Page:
A recent article published by the online magazine Slate.com criticized “ovulation studies,” or psychological research that examines how females’ thoughts, feelings, and behavior change when they are at the most fertile point in their menstrual cycle. The article claims to point out “the many weaknesses of ovulation studies,” but centers around one recent study that was conducted to examine how ovulation influences women’s clothing preferences. Based on the tone of the Slate article, its author, Jessica Grose, appears to be most upset that researchers want to use information gained from the clothing study to find out how to advertise more strategically to women. While this may be an unrealistic goal, it doesn’t mean that other ovulation studies have “many weakness”, are a poor use of grant money, or are not scientifically rigorous and important.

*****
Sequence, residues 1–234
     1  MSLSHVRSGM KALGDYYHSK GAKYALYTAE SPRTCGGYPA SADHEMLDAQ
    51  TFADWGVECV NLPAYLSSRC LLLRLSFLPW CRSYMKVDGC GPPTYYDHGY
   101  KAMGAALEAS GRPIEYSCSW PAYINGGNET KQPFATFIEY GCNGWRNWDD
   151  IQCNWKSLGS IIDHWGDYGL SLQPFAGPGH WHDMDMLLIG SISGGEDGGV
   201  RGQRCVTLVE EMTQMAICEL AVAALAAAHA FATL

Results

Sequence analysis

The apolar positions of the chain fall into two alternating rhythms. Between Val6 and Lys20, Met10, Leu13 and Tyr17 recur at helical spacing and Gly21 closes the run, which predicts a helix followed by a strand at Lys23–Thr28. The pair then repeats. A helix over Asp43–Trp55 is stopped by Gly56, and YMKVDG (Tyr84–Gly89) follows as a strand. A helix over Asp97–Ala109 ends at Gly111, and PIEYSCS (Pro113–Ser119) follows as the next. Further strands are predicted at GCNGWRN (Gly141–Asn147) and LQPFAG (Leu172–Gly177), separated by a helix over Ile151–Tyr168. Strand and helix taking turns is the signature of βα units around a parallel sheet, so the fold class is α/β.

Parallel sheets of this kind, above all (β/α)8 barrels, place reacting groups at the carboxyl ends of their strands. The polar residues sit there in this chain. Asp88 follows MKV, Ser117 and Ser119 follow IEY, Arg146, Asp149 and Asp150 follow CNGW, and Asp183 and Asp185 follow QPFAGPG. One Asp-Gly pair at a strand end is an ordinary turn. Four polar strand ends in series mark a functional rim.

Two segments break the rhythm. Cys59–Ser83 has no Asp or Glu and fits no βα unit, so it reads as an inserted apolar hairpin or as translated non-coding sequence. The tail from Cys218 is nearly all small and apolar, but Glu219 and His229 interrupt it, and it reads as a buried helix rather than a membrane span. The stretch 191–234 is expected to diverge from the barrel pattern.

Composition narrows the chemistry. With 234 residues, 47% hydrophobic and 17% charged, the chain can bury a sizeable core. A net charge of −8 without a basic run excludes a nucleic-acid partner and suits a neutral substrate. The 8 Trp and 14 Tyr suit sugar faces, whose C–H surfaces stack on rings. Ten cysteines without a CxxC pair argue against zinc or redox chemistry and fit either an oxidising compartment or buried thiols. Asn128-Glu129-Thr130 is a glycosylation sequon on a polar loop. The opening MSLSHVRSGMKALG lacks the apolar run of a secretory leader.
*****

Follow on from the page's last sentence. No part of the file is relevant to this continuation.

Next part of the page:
For example, UCLA psychology professor Martie Haselton and members of her lab conduct ovulation studies that involve a high degree of scientific rigor and ask important, interesting questions about how women think about themselves, and their relationships, at various points in their cycles. While it is true that some of these effects have not yet been replicated, that it is a criticism that could be directed at most scientific research, from ovulation studies to genetic studies. There is always the possibility that scientific research “could be inaccurate due to chance factors”, as stated by Harriet Hall in the Slate piece, but again, this possibility is not exclusive to ovulation studies.
And given that many hours and tax-dollars have been spent on research that examines animal mating and fertility-signaling behavior, isn’t it only fair that we attempt to understand such behavior in humans? Just because ovulation studies garner media attention or are written up with cheesy headlines does not mean they aren’t worthwhile.